14. Using the Contextual Orientation to Facilitate the Study of Bible with Generation X [chapter]

Beth Cousens, Susan P. Fendrick, Jeremy S. Morrison, Jon A. Levisohn, Susan P. Fendrick
2019 Turn it and Turn it Again  
Introduction Barry Holtz suggests a map of "orientations" for the teaching of Bible in Jewish settings. 1 Holtz establishes an orientation as: ... a description not of a teacher's "method" in some technical meaning of the word, but in a deeper sense, of a teacher's most powerful conceptions and beliefs about the field he or she is teaching. It is the living expression of the philosophical questions.... What is my view of the aims of education, and how as a teacher do I attain those aims? 2 For
more » ... oltz, then, an orientation to the Bible is an often-unconscious set of ideas shaping the approach to the biblical text that a teacher takes in his instruction. Among his orientations, Holtz describes the "contextual orientation," a historical approach informed by biblical scholarship, understanding the component texts of the Hebrew Bible in their own time; he describes it as used primarily in university settings. 3 Below, we will demonstrate that the contextual orientation can, in fact, be used productively in set-1 See chapter 3 in Barry W. Holtz, Textual Knowledge: Teaching the Bible in Theory and in Practice (New York: Jewish Theological Seminary, 2003), revised as chapter 2 of this volume. 2 Ibid., 48-49 3 Ibid., 92 , and see pages 33-4 above. 353 Contextual Orientation to Facilitate the Study of Bible tings in addition to the university, and for purposes other than scholarly exploration. This chapter investigates the expression of one teacher's "powerful conceptions and beliefs" about the teaching of Bible in a liberal synagogue, examining how the contextual orientation can consciously be used in this setting as a deliberate part of a teacher's overall approach to reaching a particular population. We explore how this approach affects the learning and engagement process for adults in their twenties and thirties, and how the contextual orientation can help young adults develop a deeper and more complex attachment to and understanding of the Bible-and can facilitate that attachment in the first place. We offer an examination of the contextual orientation in use, beginning with the development of the pedagogic orientation of the teacher (one of the authors of this chapter). We focus in particular on one session of a bi-monthly class and present interview data from three participants in this class. Their reactions to the class session illustrate that historical approaches to the biblical text as part of an overall teaching strategy can effectively and meaningfully connect young Jewish adults to the ongoing study of the Bible.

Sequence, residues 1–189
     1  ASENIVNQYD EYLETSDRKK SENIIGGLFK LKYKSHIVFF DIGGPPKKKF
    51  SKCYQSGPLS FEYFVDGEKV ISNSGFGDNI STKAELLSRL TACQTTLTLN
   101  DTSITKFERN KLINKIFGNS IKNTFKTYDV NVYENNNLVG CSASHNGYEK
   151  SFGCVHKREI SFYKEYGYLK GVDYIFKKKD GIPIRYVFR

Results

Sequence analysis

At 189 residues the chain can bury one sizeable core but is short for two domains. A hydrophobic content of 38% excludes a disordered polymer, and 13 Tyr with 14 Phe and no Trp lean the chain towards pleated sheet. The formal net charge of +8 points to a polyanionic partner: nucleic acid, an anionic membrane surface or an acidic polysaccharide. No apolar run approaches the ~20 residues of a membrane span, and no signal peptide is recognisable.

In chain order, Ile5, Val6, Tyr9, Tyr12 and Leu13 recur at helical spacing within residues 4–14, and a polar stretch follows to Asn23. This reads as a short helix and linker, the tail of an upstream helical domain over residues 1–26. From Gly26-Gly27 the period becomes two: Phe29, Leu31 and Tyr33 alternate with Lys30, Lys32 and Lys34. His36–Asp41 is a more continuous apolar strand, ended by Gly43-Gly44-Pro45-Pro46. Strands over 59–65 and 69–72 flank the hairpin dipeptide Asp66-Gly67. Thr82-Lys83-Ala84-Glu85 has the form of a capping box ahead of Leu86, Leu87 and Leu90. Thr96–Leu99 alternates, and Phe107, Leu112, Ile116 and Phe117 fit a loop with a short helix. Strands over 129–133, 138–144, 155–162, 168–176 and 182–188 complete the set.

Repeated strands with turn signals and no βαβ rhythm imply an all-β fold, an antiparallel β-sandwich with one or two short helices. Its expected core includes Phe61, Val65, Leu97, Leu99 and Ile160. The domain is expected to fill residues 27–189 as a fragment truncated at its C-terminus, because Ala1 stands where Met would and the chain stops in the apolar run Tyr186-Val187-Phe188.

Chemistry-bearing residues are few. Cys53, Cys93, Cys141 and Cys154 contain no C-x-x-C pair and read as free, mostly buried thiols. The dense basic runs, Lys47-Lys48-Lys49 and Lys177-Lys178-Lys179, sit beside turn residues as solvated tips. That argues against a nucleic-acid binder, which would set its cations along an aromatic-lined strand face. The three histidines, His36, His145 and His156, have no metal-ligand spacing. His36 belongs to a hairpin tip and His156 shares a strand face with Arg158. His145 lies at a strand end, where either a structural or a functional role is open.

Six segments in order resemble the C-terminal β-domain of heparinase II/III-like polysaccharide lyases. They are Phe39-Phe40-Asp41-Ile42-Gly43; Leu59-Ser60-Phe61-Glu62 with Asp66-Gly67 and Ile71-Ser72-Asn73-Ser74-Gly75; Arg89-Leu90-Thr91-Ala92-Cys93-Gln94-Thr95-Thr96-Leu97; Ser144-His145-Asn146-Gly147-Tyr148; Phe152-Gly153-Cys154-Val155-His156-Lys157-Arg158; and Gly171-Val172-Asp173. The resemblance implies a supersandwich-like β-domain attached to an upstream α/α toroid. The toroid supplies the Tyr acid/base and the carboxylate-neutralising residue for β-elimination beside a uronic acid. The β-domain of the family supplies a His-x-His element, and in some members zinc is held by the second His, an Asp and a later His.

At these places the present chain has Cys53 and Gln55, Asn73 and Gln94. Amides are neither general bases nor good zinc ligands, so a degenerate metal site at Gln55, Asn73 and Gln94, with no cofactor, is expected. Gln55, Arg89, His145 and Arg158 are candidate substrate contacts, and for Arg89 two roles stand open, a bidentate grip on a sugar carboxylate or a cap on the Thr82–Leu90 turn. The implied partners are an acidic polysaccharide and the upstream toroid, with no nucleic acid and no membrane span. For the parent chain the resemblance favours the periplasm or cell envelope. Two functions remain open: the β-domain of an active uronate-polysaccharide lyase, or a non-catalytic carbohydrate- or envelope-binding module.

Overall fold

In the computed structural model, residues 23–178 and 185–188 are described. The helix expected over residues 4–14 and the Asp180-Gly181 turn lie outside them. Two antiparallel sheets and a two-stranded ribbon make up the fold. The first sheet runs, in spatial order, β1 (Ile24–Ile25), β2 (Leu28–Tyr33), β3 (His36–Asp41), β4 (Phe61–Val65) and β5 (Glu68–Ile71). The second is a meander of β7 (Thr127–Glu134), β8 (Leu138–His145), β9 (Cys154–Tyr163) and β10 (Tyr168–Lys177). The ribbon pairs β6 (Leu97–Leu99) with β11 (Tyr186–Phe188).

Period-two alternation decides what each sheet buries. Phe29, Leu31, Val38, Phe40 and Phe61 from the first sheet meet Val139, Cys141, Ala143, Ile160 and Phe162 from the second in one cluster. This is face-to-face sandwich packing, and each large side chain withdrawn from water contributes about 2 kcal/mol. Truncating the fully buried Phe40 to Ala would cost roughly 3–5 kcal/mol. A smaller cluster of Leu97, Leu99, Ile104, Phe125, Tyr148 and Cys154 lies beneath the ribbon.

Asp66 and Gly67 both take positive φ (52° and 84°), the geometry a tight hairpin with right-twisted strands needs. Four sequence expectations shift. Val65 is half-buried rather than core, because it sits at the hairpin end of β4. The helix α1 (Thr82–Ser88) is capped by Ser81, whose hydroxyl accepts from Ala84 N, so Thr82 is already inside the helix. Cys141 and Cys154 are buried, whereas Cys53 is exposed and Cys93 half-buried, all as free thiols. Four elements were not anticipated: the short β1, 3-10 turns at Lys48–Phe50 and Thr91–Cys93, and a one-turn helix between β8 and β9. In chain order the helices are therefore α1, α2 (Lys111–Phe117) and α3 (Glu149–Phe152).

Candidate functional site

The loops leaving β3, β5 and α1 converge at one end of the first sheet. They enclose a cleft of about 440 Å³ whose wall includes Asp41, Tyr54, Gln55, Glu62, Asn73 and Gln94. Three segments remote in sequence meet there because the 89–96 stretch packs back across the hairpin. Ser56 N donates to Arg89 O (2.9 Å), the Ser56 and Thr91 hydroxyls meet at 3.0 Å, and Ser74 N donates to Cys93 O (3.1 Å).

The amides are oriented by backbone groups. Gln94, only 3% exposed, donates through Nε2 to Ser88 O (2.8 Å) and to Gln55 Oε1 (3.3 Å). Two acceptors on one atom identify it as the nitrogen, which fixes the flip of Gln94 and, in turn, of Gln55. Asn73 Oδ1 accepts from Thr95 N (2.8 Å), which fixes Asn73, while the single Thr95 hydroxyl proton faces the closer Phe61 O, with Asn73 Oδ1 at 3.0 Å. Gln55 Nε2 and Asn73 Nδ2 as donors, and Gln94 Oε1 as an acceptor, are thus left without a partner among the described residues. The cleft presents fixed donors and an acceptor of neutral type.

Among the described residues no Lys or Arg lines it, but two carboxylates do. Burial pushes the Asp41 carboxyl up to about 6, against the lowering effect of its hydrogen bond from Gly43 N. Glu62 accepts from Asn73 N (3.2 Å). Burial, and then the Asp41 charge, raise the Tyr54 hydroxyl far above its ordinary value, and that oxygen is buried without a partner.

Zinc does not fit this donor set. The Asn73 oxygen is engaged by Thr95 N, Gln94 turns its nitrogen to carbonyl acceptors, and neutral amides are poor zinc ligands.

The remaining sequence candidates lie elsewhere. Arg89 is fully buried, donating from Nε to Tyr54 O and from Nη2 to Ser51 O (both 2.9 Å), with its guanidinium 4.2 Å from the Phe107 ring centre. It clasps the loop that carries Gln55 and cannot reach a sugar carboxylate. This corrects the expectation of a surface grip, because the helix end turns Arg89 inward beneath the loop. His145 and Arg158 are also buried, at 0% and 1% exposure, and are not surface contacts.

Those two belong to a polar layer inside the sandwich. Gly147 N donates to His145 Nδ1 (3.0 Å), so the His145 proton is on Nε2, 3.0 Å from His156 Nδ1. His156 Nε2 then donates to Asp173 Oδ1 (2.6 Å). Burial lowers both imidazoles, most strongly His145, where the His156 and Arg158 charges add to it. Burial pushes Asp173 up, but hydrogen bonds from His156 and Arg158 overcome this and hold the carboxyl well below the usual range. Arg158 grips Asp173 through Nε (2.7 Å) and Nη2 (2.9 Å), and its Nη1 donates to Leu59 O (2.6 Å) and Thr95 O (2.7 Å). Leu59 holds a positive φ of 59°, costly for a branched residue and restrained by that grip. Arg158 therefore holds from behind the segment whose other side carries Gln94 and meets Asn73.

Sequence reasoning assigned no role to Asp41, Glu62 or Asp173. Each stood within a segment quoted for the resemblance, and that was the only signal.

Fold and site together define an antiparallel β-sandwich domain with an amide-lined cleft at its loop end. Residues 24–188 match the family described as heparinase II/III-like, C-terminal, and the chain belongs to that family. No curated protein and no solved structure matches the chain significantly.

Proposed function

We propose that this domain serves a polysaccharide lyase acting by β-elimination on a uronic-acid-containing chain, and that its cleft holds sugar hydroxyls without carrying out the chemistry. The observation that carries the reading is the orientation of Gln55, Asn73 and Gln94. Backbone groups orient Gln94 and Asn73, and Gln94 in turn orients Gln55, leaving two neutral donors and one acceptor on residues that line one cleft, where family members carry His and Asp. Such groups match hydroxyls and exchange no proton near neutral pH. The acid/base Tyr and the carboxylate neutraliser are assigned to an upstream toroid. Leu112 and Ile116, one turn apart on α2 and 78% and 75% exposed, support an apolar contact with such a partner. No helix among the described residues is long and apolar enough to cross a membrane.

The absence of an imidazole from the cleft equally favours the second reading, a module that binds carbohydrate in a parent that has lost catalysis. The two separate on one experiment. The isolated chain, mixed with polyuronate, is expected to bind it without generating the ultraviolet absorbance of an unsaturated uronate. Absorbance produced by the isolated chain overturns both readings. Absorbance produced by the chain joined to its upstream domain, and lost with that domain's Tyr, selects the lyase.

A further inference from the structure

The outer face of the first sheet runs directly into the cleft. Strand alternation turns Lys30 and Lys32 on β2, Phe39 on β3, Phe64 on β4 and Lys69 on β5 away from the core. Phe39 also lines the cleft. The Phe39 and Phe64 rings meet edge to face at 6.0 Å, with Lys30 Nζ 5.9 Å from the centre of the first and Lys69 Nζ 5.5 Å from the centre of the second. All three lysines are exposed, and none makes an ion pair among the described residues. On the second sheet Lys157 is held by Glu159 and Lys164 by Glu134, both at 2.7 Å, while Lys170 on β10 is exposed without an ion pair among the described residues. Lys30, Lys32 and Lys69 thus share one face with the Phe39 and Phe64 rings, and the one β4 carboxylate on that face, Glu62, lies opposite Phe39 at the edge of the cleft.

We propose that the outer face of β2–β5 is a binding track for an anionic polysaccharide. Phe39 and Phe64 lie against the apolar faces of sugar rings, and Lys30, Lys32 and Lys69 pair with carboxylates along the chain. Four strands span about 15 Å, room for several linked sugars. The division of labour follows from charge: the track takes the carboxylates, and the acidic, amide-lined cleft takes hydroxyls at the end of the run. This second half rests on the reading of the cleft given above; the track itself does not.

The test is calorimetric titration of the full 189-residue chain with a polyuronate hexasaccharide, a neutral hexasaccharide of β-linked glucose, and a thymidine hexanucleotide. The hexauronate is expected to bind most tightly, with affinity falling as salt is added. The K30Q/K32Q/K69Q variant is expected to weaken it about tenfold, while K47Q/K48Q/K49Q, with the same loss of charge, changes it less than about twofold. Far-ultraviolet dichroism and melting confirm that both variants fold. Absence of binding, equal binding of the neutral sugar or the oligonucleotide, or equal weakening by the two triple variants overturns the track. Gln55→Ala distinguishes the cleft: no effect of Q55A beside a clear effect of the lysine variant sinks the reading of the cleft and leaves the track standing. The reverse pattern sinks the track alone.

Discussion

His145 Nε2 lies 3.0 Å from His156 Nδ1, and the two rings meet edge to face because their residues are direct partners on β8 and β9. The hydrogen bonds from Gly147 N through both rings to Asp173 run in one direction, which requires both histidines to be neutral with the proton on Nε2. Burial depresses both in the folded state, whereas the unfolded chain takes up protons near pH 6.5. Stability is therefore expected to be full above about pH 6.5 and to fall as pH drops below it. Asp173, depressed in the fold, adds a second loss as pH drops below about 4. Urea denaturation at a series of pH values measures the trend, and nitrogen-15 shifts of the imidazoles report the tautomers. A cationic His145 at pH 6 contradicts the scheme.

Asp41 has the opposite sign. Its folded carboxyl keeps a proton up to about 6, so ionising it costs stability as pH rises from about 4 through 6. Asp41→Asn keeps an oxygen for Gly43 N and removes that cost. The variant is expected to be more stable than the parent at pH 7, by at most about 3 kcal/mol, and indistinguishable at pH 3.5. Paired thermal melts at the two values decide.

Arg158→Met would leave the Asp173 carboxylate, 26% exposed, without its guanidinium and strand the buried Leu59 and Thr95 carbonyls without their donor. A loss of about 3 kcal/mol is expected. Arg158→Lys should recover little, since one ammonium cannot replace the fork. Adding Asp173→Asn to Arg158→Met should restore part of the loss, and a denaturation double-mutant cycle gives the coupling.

doi:10.1515/9781618117700-016 fatcat:hrliqkm7pzam7jy6riq5l7wqpm